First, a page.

Biphenyl (also known as diphenyl, phenylbenzene, 1,1′-biphenyl, lemonene or BP) is an organic compound that forms colorless crystals. Particularly in older literature, compounds containing the functional group consisting of biphenyl less one hydrogen (the site at which it is attached) may use the prefixes xenyl or diphenylyl.
|Preferred IUPAC name
3D model (JSmol)
|E number||E230 (preservatives)|
CompTox Dashboard (EPA)
|Molar mass||154.212 g·mol−1|
|Appearance||Colorless to pale-yellow crystals|
|Melting point||69.2 °C (156.6 °F; 342.3 K)|
|Boiling point||255 °C (491 °F; 528 K)|
|Vapor pressure||0.005 mmHg (20°C)|
the environment (N)
|R-phrases (outdated)||R36/37/38 R50/53|
|S-phrases (outdated)||(S2) S23 S60 S61|
|NFPA 704 (fire diamond)|
|Flash point||113 °C (235 °F; 386 K)|
|540 °C (1,004 °F; 813 K)|
|Lethal dose or concentration (LD, LC):|
LD50 (median dose)
|2400 mg/kg (oral, rabbit)|
3280 mg/kg (oral, rat)
1900 mg/kg (oral, mouse)
2400 mg/kg (oral, rat)
|NIOSH (US health exposure limits):|
|TWA 1 mg/m3 (0.2 ppm)|
|TWA 1 mg/m3 (0.2 ppm)|
IDLH (Immediate danger)
Except where otherwise noted, data are given for materials in their standard state (at 25 °C [77 °F], 100 kPa).
It has a distinctively pleasant smell. Biphenyl is an aromatic hydrocarbon with a molecular formula (C6H5)2. It is notable as a starting material for the production of polychlorinated biphenyls (PCBs), which were once widely used as dielectric fluids and heat transfer agents.
Biphenyl is also an intermediate for the production of a host of other organic compounds such as emulsifiers, optical brighteners, crop protection products, and plastics. Biphenyl is insoluble in water, but soluble in typical organic solvents. The biphenyl molecule consists of two connected phenyl rings.
Properties and occurrence
Biphenyl occurs naturally in coal tar, crude oil, and natural gas and can be isolated from these sources via distillation. It is produced industrially as a byproduct of the dealkylation of toluene to produce benzene:
- C6H5CH3 + C6H6 → C6H5−C6H5 + CH4
The other principal route is by the oxidative dehydrogenation of benzene:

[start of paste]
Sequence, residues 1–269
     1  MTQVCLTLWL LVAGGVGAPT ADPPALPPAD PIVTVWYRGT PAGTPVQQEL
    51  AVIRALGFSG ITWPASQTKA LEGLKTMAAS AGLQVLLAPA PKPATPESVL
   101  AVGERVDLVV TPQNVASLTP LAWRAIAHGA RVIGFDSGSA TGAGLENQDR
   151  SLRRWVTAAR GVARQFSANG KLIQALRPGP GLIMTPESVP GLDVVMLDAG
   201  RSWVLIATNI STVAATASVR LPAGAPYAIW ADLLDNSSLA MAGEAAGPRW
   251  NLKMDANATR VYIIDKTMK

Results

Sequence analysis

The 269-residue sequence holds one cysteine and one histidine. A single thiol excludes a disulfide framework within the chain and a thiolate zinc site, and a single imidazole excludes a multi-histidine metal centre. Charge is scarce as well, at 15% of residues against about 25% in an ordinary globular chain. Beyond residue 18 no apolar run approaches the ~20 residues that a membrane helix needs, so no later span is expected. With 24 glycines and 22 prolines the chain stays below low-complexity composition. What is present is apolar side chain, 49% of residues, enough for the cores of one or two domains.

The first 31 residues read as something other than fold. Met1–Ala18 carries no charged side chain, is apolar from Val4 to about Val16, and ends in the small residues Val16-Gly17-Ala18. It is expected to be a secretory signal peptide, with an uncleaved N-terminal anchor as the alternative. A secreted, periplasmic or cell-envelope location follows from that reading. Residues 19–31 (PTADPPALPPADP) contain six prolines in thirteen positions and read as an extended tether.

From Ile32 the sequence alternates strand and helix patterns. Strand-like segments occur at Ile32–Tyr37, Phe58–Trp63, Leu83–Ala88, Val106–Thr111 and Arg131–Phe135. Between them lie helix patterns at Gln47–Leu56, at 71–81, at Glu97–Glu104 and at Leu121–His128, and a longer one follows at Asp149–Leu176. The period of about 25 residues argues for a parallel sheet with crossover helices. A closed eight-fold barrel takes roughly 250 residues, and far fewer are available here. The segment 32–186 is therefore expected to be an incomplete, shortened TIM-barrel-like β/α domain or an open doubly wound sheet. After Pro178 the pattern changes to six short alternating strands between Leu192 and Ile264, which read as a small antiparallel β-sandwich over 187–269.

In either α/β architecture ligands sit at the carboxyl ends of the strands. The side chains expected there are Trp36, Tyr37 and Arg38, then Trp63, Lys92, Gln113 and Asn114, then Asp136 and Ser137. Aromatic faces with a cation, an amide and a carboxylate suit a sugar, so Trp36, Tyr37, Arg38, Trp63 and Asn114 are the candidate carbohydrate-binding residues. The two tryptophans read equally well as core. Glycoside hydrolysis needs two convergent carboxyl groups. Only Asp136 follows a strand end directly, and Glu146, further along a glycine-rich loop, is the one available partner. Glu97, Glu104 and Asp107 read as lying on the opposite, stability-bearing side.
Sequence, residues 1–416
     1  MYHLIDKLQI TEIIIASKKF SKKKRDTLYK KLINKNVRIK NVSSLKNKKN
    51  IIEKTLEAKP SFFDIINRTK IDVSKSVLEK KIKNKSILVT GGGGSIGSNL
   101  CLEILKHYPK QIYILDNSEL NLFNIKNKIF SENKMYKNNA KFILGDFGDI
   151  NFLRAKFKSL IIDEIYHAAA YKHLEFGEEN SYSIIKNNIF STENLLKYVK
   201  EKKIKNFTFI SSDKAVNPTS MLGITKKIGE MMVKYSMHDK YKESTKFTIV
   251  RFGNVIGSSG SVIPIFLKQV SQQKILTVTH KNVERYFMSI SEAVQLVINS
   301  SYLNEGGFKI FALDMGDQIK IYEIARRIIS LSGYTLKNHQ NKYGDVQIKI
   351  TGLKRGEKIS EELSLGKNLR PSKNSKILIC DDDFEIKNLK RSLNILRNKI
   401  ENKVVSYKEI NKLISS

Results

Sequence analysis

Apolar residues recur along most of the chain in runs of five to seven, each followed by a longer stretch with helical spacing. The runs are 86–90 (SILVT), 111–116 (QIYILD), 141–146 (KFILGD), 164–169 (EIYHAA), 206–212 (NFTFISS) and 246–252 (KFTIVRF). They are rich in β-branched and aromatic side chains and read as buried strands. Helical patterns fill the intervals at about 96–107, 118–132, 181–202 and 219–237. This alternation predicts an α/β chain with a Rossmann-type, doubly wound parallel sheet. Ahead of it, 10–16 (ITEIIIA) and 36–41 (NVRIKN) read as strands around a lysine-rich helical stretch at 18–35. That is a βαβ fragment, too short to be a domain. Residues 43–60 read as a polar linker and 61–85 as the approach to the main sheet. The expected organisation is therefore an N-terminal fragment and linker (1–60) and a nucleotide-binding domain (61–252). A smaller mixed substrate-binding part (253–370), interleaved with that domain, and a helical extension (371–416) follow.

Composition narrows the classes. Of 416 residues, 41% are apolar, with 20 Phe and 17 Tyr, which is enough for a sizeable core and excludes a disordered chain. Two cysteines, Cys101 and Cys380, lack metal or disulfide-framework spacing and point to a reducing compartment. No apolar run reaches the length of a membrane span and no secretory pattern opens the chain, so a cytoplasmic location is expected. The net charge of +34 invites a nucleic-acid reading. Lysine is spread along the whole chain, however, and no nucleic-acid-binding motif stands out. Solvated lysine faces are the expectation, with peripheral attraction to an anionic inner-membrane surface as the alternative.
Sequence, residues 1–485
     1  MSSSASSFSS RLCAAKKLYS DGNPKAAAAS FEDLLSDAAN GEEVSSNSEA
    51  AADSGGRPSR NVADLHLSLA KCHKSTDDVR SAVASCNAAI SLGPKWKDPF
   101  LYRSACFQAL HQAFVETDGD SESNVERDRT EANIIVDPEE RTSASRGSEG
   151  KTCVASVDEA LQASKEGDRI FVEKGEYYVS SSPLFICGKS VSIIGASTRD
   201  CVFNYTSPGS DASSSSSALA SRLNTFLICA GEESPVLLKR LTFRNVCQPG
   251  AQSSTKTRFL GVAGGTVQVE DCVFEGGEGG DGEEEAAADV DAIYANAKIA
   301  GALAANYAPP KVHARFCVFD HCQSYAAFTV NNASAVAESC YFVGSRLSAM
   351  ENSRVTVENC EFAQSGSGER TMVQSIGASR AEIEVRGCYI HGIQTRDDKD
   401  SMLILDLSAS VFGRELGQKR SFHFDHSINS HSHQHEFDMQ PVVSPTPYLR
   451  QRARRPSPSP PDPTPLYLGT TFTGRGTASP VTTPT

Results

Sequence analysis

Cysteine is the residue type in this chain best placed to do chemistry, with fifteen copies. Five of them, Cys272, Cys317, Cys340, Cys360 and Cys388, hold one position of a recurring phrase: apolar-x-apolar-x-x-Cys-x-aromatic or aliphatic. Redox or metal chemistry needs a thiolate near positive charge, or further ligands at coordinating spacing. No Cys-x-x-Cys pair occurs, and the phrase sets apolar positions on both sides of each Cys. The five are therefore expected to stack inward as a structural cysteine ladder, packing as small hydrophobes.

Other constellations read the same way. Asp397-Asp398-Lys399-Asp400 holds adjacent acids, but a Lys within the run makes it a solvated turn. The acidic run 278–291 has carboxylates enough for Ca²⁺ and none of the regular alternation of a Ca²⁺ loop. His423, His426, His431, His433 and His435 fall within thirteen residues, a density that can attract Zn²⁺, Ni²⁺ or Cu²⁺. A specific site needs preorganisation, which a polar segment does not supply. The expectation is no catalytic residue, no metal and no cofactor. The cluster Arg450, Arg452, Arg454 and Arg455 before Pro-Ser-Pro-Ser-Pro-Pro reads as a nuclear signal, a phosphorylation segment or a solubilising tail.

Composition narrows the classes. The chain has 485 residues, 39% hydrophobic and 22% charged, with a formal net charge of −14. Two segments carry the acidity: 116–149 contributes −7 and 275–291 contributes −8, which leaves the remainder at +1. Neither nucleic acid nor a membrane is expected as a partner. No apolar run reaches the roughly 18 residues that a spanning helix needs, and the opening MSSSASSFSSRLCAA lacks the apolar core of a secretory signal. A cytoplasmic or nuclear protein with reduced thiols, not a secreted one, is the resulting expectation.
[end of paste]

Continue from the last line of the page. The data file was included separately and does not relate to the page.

- 2 C6H6 + 1⁄2 O2 → C6H5−C6H5 + H2O
In the laboratory, biphenyl can also be synthesized by treating phenylmagnesium bromide with copper(II) salts.
Reactions and uses
Lacking functional groups, biphenyl is fairly non-reactive, which is the basis of its main application. In the laboratory, biphenyl is mainly used as a heat transfer agent as a eutectic mixture with diphenyl ether. This mixture is stable to 400 °C.
Biphenyl does undergo sulfonation followed by base hydrolysis produces p-hydroxybiphenyl and p,p′-dihydroxybiphenyl, which are useful fungicides. In another substitution reactions, it undergoes halogenation. Polychlorinated biphenyls were once popular pesticides.
Biphenyl is reduced to the radical anion with lithium, a versatile reducing agent. It offers some advantages relative to the related lithium naphthenide. Related to Li/biphenyl is the derivative with two tert-butyl groups on the biphenyl.
Rotation about the single bond in biphenyl, and especially its ortho-substituted derivatives, is sterically hindered. For this reason, some substituted biphenyls show atropisomerism; that is, the individual C2-symmetric-isomers are optically stable. Some derivatives, as well as related molecules such as BINAP, find application as ligands in asymmetric synthesis. In the case of unsubstituted biphenyl, the equilibrium torsional angle is 44.4° and the torsional barriers are quite small, 6.0 kJ/mol at 0° and 6.5 kJ/mol at 90°. Adding ortho substituents greatly increases the barrier: in the case of the 2,2'-dimethyl derivative, the barrier is 17.4 kcal/mol (72.8 kJ/mol).
Biphenyl prevents the growth of molds and fungus, and is therefore used as a preservative (E230, in combination with E231, E232 and E233), particularly in the preservation of citrus fruits during transportation. It is no longer approved as a food additive in the European Union.
It is part of the active group in the antibiotic oritavancin.
Substituted biphenyls and have many uses. They are prepared by various coupling reactions including the Suzuki-Miyaura reaction and the Ullmann reaction. Polychlorinated biphenyls were once used as cooling and insulating fluids and polybrominated biphenyls are flame retardants. The biphenyl motif also appears in drugs such as diflunisal and telmisartan. The abbreviation E7 stands for a liquid crystal mixture consisting of several cyanobiphenyls with long aliphatic tails used commercially in liquid crystal displays (5CB, 7CB, 8OCB and 5CT). A variety of benzidine derivatives are used in dyes and polymers. Research into biphenyl liquid crystal candidates mainly focuses on molecules with highly polar heads (for example cyano or halide groups) and aliphatic tails.
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